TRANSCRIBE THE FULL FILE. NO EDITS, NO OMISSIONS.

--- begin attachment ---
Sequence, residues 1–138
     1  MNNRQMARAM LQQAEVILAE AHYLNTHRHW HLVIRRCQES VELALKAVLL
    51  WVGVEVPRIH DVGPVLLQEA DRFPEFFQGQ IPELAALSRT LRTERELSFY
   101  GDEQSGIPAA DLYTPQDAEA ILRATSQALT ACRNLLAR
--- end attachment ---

Sequence, residues 1–138
     1  MNNRQMARAM LQQAEVILAE AHYLNTHRHW HLVIRRCQES VELALKAVLL
    51  WVGVEVPRIH DVGPVLLQEA DRFPEFFQGQ IPELAALSRT LRTERELSFY
   101  GDEQSGIPAA DLYTPQDAEA ILRATSQALT ACRNLLAR